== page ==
As a nearly two-year-old sports media start-up, The Athletic sold itself as a vulture hovering over the carcasses of local newspapers left to die in the digital age. The website’s cofounder Alex Mather went so far as to claim that The Athletic’s goal was to hasten the extinction of local news by poaching the most talented beat reporters from local sports sections—one of the few areas in which these antiquated publications continue to thrive. “We will wait every local paper out and let them continuously bleed until we are the last ones standing,” Mather said in 2017.
In hindsight, it seems Mather was broadcasting his plan to the local paper—albeit local in name only—that would one day buy him up. On Thursday, The New York Times announced it would be purchasing The Athletic, which has succeeded in building a robust roster of writers to cover nearly every notable sports town in America, for about $550 million. Despite its impressive masthead, The Athletic has, at times, been a money-losing venture, operating more than $20 million in the red in 2019. However, it boasts a paid-subscriber base of 1.2 million—a number that gets the 8 million–strong Times closer to its 2025 goal of 10 million.
Aside from the subscription boost, the Times’ marriage with The Athletic makes sense in a future of mega-conglomerates. Both outlets have succeeded in establishing brands in major cities where local news is dying. In an article for the Columbia Journalism Review published in July 2020, Tony Haile reported that the “Times has more digital subscribers in Dallas–Fort Worth than The Dallas Morning News, more digital subscribers in Seattle than The Seattle Times, more digital subscribers in California than the L.A. Times or the San Francisco Chronicle.”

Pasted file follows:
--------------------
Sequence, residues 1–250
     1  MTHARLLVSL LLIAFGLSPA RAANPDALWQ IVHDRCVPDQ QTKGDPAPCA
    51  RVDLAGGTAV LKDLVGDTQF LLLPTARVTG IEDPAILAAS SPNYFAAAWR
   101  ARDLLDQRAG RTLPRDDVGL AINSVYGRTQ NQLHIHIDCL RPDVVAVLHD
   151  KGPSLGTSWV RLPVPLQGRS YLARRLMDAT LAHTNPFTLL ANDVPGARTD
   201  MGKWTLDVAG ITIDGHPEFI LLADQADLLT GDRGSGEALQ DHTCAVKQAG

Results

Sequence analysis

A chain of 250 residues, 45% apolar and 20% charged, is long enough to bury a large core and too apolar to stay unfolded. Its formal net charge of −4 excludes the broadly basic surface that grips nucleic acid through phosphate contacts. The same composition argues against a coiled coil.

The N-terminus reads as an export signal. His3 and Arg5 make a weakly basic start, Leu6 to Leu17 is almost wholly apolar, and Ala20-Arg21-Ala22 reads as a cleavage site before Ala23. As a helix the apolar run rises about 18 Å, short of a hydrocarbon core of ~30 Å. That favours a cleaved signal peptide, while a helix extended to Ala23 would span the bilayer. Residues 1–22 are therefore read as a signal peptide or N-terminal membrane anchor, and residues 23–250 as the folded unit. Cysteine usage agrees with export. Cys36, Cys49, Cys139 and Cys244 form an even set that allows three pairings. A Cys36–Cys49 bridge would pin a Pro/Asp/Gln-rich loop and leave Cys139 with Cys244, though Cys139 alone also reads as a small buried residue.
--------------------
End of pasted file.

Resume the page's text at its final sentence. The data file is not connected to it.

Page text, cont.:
For most contemporary news start-ups, the biggest challenge is living past infancy, even if their services are in demand. Those that do survive are often only able to do so after being purchased by major investment firms, as was the case with Gizmodo and the Daily Beast, or swallowed by competitors, as Vice did to Refinery29 and Condé Nast—which also publishes Vanity Fair—did to Pitchfork. Between 2019 and 2020, The Athletic hemorrhaged nearly $100 million, per The Information. In the summer of 2020, The Athletic appeared to be bleeding out after some four years of existence; 46 staffers were let go that June. Speculation ramped up the following year over whether the site would receive a lifeline from online gambling companies, or from the Washington, D.C.–based news site Axios. A merger between Axios and The Athletic might have made sense: The former has also sought to beat local papers at their own game by launching city-specific verticals in Austin, Charlotte, Denver, and elsewhere.
But instead of joining forces with a fellow start-up, The Athletic—following a path well trodden by many of the “disruptive,” “scrappy” digital outlets that preceded it—made a savior out of the same institution it sought to overtake. Sports Illustrated senior editor Jason Schwartz drove home this point while reacting to the news on Thursday. “So in the end, The Athletic basically consolidated sportswriters from local newspapers to the one big mega national newspaper so a lot of VC guys could get rich,” he tweeted. “Sort of feels like the modern news ecosystem in a nutshell.”
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